After a brain injury, every day brings constant reminders that our brain is not working well.    For many of us, everything becomes a challenge.    Every movement we make, speaking, seeing, reading, counting, driving, cooking, cleaning, walking, hearing, thinking and so much more becomes difficult.    Nothing  feels normal.   With these challenges, we become even more fatigued and less able to do the things we are trying to do.   It becomes a vicious cycle that we cannot move out of.    Slowly as we get better, we start experiencing a “new normal”.

I think our “new normal” is a combination of us forgetting how it used to be, and that we have actually gotten better.     We also adapt by changing things around us and how we do things.   We stop doing certain things because it just isn’t possible or isn’t that important for us to spend the energy on.    We become much more functional and after a while we don’t think about our brain injury every single day.     Sometimes it takes years to get to this point.

Many of us don’t want our brain injury to define us so it is important not to constantly think of ourselves as “damaged” or that we can’t do something.    Sometimes we have to redefine who we are and what our life is to be.   Maybe we can’t do that job we had before.    Maybe we can’t climb mountains.   But there are other new and different things we can do.

Living with our “new normal” is fine and works most of the time.    Sometimes, however, the brain fairy comes back for a visit.   The brain fairy that causes all that trouble but also heals things in our heads is always lurking in the background.    Sometimes that visit brings back many symptoms we thought we’ve overcome.      A frightening experience like two large dogs barking, running and jumping at you causes you to have that sense of visual discombobulation or you feel unbalanced; your mind goes blank and the fog returns or something else just isn’t feeling normal again.

Sometimes, the brain fairy returns for a longer visit such as when you are faced with big life disturbances such as family problems, money problems, illness or other things that weigh heavily on you.    The stress, the emotions, and the mental work required to deal with these things is more than your injured brain can deal with.   Symptoms return, fatigue sets in, everything becomes much more difficult.   It is a time to step back and take care of yourself.    It is time to ask for help.    Remember the early months or years after your brain injury when you did nothing much other than try to heal.   You rested more, people helped you more, you did less, you put less things on your “to do” list, you didn’t do some things you used to do.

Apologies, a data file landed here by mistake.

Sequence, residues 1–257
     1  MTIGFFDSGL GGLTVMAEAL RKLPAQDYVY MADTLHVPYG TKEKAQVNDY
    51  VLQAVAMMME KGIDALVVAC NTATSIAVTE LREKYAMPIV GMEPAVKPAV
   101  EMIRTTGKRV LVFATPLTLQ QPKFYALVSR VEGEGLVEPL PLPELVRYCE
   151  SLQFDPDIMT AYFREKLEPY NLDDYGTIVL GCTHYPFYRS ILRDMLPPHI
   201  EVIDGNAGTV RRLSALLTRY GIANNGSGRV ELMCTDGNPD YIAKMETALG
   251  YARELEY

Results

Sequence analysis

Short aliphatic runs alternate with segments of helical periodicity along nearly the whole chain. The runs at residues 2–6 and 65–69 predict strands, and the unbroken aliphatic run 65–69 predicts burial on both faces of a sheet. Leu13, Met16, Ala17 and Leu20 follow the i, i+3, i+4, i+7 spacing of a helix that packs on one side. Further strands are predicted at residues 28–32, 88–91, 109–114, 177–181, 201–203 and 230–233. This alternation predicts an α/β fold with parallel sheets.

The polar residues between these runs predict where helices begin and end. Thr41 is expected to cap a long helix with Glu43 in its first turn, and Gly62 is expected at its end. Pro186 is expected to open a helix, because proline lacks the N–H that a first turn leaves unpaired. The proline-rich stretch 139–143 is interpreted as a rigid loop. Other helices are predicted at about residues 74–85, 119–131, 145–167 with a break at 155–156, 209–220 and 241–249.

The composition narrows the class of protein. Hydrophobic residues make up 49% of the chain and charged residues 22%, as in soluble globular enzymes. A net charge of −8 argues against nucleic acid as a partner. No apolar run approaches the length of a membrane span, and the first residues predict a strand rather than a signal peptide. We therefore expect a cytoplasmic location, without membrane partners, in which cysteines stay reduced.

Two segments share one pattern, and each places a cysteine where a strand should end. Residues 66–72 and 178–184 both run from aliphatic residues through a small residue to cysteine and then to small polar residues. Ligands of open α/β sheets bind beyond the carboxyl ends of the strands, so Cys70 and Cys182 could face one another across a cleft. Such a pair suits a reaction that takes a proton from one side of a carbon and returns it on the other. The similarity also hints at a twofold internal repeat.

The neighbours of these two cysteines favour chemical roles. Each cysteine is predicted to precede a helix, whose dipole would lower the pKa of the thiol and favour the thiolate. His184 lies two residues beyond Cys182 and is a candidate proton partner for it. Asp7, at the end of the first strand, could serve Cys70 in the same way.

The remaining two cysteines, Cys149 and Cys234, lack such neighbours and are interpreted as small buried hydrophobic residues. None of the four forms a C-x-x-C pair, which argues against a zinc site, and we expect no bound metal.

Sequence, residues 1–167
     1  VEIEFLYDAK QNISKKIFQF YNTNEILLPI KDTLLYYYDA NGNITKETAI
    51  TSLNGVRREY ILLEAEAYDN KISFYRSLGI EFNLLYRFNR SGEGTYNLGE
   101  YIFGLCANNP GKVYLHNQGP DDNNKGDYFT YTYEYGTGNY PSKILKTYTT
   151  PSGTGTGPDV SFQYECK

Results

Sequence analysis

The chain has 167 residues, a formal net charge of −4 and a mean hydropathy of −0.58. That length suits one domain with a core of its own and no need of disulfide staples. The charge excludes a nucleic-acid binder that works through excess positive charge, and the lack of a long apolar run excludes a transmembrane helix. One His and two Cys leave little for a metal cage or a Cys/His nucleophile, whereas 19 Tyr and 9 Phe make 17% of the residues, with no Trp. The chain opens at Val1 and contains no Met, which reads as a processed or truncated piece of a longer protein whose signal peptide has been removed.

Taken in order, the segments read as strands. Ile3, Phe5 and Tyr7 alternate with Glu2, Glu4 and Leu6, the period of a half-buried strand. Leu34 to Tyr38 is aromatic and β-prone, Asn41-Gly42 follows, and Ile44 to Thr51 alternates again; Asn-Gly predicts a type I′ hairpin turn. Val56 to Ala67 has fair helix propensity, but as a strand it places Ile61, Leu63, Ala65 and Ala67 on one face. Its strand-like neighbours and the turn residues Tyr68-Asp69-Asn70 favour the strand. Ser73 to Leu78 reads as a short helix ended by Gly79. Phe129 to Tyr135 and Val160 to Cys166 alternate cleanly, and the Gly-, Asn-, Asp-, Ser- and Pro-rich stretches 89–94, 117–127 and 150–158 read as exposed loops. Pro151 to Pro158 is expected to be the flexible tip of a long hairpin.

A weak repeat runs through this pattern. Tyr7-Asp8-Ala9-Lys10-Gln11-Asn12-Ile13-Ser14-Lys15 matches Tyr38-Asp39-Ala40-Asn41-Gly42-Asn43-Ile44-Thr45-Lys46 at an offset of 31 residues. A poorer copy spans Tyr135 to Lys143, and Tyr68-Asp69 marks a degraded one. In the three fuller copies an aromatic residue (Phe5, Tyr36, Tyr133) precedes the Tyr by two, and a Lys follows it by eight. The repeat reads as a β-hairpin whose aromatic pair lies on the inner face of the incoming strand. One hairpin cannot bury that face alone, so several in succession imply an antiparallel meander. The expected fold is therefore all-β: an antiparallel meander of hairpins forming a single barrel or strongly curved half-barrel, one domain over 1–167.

For whatever reason the brain fairy returns to you, remember it will pass.   Sometimes it is a short visit.   Sometimes you don’t know when it will end.   But remember that eventually it will get better again.   Pace yourself.    Be patient and good to yourself in the meantime.

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Taking Back Control After a Brain Injury

by Linda W. Arms

A brain injury often results in us losing control of our lives. Often, because we need the help and oversight, we have to depend on others. We need help with simple, daily living activities such as getting to an appointment because we can’t drive. We need help with simple decision-making. We need help understanding what we are reading or hearing. We need the help of someone else’s brain for so much!

Our loved ones or caretakers start taking over our lives through no fault of their own. We have to lean on them for so much. They make many or all of our decisions, sometimes even for very simple matters. They answer someone’s question for us. They tell us we have to eat or have to rest or stop doing whatever it is we’re doing because they see it’s too much for us or it’s not safe to continue. We want them to do these things for us because it’s too much work or impossible to do by ourselves.

After my brain injury I felt like I instantly turned into an 85-year-old woman and a young child at the same time. I could not move fast and was unsteady. I had little strength. I needed someone to hold my hand to walk across the street, to tell me to stop what I was doing, to take a nap… I wanted someone to comprehend what was being said to me and help me respond.

As I improved, I slowly took over many things people were doing for me. I was not always successful, so I needed their help again. My capabilities were also inconsistent depending on my level of fatigue. My helpers were often standing by, watching and ready to step in. They let me try on my own. It was like being a young child who is learning new things in life. I was VERY grateful for all the help!!! Often I thought, “please, make this decision for me, it’s just too hard for me”.

In recent years, however, as I improved, I needed less and less help. It is sometimes a little difficult taking back that control over your life. Those you counted on became too used to taking over for you when you could not do something. As you improve it is often a bit challenging and even confrontational when you start taking charge of your life again. After all, you’re a big girl (or boy) now and you can do it by yourself.

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Cooking is a Cognitive Challenge